Learning the ML programming language is a lot of fun. This is my first in-depth initiation into the exciting world of functional programming. Here's something to whet your appetite, an elegant function for appending two lists of any type:

fun append e =
    case e of
        ([],ys) => ys
      | (x::xs,ys) => x :: append(xs,ys)

Here we are passing the function append an expression e, and if the pattern matches empty string plus string we stop, otherwise we prepend the first element to the tail appended to the list.

I am following the online Coursera training by the University of Washington called Programming Languages given by Dan Grossman.

Great stuff to keep my aging brain cells oiled and running efficiently.


I thought it'd be fun to strip down and reconfigure my Raspberry Pi in order to turn it into a mighty mini-webserver.

My starting point is the default Raspian Wheezy download and the setup as explained on the website page Installing Operating System Images on Linux. Run the raspi-config command and do the following:

[Note: you can skip this section with the newer operating system images made available where by default ssh is enabled for pi/raspberrypi and boot to desktop disabled]

  • Enable SSH
  • Disable boot to desktop
  • Use all of the SD Card (in my case 32GB)
  • Rename the hostname
  • Reduce the GPU memory to 16MB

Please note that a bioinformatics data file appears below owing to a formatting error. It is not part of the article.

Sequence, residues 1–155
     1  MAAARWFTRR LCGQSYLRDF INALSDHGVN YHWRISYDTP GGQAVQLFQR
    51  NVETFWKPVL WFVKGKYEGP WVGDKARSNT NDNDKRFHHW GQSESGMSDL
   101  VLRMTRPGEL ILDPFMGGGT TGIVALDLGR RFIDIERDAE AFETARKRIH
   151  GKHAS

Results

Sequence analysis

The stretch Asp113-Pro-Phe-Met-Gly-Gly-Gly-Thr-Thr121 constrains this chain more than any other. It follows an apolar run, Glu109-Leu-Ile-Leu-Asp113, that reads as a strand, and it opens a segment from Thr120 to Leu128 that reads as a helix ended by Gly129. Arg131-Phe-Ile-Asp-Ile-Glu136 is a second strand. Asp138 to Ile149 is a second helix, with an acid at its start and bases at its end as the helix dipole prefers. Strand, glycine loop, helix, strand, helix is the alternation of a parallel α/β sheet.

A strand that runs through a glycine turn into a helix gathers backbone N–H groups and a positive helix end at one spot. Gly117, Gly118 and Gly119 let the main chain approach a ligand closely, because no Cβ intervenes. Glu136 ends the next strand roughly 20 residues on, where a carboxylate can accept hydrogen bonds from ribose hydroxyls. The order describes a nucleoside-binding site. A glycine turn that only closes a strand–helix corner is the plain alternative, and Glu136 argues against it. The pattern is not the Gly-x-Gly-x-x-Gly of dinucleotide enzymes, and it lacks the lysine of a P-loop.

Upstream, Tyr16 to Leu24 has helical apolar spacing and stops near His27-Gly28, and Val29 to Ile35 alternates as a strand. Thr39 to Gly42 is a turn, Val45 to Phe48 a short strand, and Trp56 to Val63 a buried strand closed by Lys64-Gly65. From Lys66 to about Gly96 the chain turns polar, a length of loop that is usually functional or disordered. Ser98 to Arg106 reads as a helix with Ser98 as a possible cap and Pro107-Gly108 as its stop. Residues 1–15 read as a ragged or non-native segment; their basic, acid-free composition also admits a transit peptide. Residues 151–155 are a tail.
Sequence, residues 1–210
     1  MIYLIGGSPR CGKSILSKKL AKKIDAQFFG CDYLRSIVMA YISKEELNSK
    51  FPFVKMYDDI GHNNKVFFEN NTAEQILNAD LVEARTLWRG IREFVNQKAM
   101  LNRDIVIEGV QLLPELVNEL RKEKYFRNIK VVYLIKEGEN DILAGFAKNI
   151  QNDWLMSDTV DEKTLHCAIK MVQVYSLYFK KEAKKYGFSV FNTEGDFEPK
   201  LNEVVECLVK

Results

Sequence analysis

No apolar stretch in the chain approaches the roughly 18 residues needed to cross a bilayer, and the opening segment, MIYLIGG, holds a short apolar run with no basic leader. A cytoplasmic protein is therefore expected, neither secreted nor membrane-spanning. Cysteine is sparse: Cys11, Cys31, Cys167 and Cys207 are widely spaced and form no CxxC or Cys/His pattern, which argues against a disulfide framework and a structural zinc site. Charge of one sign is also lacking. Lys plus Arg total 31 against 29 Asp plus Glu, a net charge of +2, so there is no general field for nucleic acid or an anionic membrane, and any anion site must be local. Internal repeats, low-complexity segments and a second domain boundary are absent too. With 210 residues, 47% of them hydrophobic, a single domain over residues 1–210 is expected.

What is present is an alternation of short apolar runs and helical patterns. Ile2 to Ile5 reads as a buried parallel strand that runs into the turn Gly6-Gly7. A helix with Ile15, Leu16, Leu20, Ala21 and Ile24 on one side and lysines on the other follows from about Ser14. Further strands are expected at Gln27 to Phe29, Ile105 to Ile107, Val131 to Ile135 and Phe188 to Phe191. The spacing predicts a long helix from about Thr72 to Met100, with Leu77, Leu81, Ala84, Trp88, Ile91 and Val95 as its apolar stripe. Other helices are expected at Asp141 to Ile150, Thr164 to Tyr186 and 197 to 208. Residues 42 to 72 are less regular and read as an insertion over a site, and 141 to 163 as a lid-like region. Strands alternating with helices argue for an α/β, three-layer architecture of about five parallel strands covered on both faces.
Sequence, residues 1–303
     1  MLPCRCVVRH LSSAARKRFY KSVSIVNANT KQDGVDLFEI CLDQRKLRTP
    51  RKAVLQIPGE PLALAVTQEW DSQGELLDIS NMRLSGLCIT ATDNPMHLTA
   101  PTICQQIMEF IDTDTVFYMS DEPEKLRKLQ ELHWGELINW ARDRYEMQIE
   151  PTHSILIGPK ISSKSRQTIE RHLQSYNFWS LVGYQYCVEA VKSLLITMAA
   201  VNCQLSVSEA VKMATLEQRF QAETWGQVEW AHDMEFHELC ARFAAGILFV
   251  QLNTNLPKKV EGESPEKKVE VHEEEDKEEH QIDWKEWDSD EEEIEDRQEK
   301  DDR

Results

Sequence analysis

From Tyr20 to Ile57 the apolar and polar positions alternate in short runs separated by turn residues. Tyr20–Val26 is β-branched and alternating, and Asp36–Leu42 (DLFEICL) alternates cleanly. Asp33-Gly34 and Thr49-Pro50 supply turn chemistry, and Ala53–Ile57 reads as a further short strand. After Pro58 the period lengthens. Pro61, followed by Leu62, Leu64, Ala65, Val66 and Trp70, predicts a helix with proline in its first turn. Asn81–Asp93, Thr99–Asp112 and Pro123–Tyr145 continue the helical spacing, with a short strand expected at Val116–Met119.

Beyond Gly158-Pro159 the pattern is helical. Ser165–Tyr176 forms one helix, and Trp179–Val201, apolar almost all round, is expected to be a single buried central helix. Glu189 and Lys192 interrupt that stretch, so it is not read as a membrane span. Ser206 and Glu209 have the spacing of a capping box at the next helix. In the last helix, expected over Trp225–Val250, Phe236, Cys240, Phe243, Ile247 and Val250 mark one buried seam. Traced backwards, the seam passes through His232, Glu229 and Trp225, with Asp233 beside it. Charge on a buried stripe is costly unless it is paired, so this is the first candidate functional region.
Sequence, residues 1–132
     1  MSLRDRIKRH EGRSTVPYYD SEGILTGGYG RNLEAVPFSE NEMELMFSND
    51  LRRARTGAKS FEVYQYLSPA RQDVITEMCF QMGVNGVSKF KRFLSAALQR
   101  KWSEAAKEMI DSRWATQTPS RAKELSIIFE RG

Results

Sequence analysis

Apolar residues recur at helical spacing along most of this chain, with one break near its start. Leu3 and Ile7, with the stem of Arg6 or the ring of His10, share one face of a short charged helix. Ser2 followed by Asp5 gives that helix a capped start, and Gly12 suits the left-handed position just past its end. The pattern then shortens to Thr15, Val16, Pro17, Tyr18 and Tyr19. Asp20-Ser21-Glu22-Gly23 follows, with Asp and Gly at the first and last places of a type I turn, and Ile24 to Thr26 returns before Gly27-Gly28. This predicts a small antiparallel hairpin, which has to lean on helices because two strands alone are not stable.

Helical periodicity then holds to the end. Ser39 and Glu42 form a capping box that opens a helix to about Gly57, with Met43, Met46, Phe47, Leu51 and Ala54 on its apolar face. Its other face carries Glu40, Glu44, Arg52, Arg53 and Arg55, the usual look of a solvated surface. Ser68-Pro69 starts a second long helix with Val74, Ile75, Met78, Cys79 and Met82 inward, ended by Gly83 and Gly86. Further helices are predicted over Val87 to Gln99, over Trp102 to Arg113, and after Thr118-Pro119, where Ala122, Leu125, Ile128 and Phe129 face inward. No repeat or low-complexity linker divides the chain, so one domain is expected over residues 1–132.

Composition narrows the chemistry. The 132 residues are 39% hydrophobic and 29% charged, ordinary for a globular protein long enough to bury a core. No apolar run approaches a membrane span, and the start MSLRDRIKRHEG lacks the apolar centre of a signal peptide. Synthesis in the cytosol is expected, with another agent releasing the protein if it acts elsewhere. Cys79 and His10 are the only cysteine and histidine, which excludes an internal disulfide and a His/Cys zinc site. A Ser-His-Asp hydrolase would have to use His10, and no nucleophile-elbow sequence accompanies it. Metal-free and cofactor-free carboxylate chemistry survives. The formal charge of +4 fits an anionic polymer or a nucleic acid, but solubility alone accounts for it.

Once you have followed the setup instructions, ssh pi@raspberrypi to get there. Here raspberrypi should be replaced by the IP address, for example in my case. You can then run the command dpkg -l in order to see what is installed, followed by apt-get purge in order to strip out the extra stuff you no longer need.

Since this is a streamlined webserver, there is no need for any of the GUI desktop stuff. I also want to remove Python, sound-related (alsa) stuff, samba and other junk. Therefore, run sudo su - and fire off the following commands:

$ apt-get update
$ apt-get purge xserver* ^x11 samba* ^libx ^lx samba* libsmbclient python* desktop-file-utils nano tsconf xkb-data console-setup penguinpuzzle omxplayer gtk* libgtk* alsa* -y
$ apt-get autoremove -y
$ apt-get upgrade -y
$ apt-get clean

I chose the lightweight nginx as my preferred webserver:

$ apt-get install nginx

Since I will no longer be needing the extra memory for the GUI, I can free up the memory by editing the file /boot/config.txt and ensuring that the following line is present: